• Also a Captain Obvious moment. "Nerves send pain messages to the brain?! Noooo!"
    • This may be a rare example of an unintentional Mathematician's Answer. The idea could be to inform the audience that pain doesn't just exist in the pained part of the body, and that not all treatment of pain actually has to directly affect the pained part (something which may seem obvious to most people — especially if you know about phantom pain — but not to everyone).
  • A beer commercial has a guy describe something as beautiful, refreshing, etc. as he grabs a beer near a woman. The woman asks him if he's describing the beer or her; his reply is, "Yes."
  • A commercial for Grey Poupon mustard has one Rolls-Royce pull up to another, and they both roll down their windows. One man asks, "Pardon me, do you have any Grey Poupon?" The other replies, "But of course!" — then signals his chauffeur to drive away.
  • A Nike "Find Your Greatness" spot goes something like this: "Is it speed or endurance? Does it happen in two hours or four or six? Is it finishing strong or barely finishing? Yes." "It" is ostensibly greatness.
  • A series of ads for AT&T feature a man talking to young children in a kindergarten classroom. Here's one of the exchanges:
    Man: Are you competing for cutest kid right now?
    Girl: Yes.
    Man: What place are you in?
    —> Girl: Kindergarten?
    Man: That's adorable.
  • A board advertisement for McDonald's late-night menu has this gem: "Late dinner or breakfast? Yes."

    Anime and Manga 
  • Kenichi: The Mightiest Disciple example!
    Random guy on the beach: Hey, beautiful, where are you from?
    Shigure: My... home.
  • From the English dub of Lupin III:
    Lupin: Which direction do you think the helicopter will be coming from?
    Goemon: Up.
  • Rurouni Kenshin has one of these during the Jinchu Arc:
    Chou: So who are we goin' after? The Boss? Or Battousai?
    Saito: Yes.
  • Bleach: When a very young Uryuu asks his father why he hates being a Quincy, Ryuuken replies "because there's no money in it", leaving Uryuu so shocked and troubled that he runs to his grandfather in tears, asking if Ryuuken's answer is a truth or lie. Souken points out that, because Ryuuken has a family to raise, it can be viewed as truthful. In fact, Ryuuken is telling the truth from any angle - being Quincy never pays the bills regardless of whether or not there's a family to raise. However, Uryuu wants to know why Ryuuken hates being a Quincy, yet neither Ryuuken nor Souken actually answer that question. They both sidestep it completely.
  • Jonah in Jormungand is awful at math, so when he's basically asked 22 times 3 while the Logistics crew are at an airport, he answers "A bunch."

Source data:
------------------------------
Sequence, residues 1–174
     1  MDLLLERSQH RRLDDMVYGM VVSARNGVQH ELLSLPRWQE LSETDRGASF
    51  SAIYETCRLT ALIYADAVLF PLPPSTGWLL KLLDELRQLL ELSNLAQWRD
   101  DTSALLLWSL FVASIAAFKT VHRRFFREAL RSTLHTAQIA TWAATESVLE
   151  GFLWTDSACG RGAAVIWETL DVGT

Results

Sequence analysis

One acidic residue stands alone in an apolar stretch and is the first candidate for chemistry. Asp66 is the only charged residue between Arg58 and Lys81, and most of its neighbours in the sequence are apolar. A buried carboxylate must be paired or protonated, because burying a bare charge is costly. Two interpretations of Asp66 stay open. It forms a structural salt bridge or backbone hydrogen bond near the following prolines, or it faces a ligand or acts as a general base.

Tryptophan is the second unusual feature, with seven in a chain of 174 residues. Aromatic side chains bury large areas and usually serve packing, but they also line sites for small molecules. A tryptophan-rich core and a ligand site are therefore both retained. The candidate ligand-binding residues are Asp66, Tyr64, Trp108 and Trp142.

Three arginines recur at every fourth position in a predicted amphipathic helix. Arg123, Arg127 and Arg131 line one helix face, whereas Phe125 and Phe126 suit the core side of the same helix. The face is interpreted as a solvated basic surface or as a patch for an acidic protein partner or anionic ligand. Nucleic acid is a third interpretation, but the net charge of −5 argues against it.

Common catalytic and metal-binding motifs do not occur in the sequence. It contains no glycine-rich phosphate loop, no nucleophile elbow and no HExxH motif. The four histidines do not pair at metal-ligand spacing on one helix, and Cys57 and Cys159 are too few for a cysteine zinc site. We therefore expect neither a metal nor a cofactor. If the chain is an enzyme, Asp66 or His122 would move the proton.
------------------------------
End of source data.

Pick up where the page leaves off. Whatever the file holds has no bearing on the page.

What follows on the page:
• Fairy Tail: During Lucy's fight with Byro, her opponent uses a concoction that causes him to transform into a giant octopus.
    Lucy: What the heck is that!?
    Virgo: An octopus tentacle.
  • This exchange in Haruhi Suzumiya, when the group encounters a giant cricket in an alternate dimension:
    Kyon: What is that!?
    Koizumi: A camel cricket.
    Kyon: Got it. Thanks, Captain Obvious.
  • In My Hero Academia, Todoroki somehow manages to completely refurbish his dorm room, making it look like it was taken wholesale out of a traditional Japanese house, complete with tatami mat flooring and a shoji door replacing the sliding glass door out to the veranda. His classmates ask how he was able to do it all in under a day entirely by himself. Todoroki's response? "I worked really hard."
  • in Chobits, Hideki and Chi receive a mysterious file with a map attached. Hideki wonders out loud what it is, and Sumomo declares that she knows, announcing that it's a file attachment. Hideki gets annoyed but Shinbo explains that Sumomo is a less advanced persocom who has trouble grasping abstract concepts like that.
  • Kotaro of Zombie Land Saga uses these to handwave any big questions. How did he raise the seven girls from the dead? Well, just like in a zombie movie! Why are they alive after they died? Well they're zombies, duh! Does he know what the population of Saga is? Of course he does, it's small! Needless to say, the girls are very frustrated by this.

    Audio Play 
  • In I Think We're All Bozos on This Bus, when the Clem-clone asks "How are you, Doctor?" Dr. Memory replies in a flat monotone: "The Doctor is on."
  • In The Goon Show episode, "The Lost Emperor", young Neddie Seagoon is working in the Victoria and Albert Museum late at night when Moriarty and Grytpype come in and pull a gun on him.
    Grytpype: Draw the curtain Moriarty. Now then is there anyone else in the building apart from you?
    Seagoon: Yes, two others.
    Grytpype: What are they doing?
    Seagoon: Holding me up with a pistol.

    Comic Books 
  • From X-Statix: "He's... "connecting" in some way to what he's lost." "Is that a good or bad thing?" "Yes."
  • Lucky Luke's horse can speak, but seeing as it's a horse, even Lucky Luke is baffled when he sees it on the riverbank, fishing.
    Lucky Luke: How did you get the bait on the hook?
    Jolly Jumper: With disgust, just like everybody else.